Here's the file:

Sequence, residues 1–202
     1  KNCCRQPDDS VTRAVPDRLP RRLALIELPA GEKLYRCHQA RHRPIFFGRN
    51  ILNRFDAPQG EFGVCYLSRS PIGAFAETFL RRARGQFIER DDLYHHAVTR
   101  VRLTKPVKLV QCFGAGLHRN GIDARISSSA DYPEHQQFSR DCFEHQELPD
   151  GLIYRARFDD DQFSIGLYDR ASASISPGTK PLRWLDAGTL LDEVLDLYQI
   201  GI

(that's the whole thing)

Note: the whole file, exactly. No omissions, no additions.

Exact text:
Sequence, residues 1–202
     1  KNCCRQPDDS VTRAVPDRLP RRLALIELPA GEKLYRCHQA RHRPIFFGRN
    51  ILNRFDAPQG EFGVCYLSRS PIGAFAETFL RRARGQFIER DDLYHHAVTR
   101  VRLTKPVKLV QCFGAGLHRN GIDARISSSA DYPEHQQFSR DCFEHQELPD
   151  GLIYRARFDD DQFSIGLYDR ASASISPGTK PLRWLDAGTL LDEVLDLYQI
   201  GI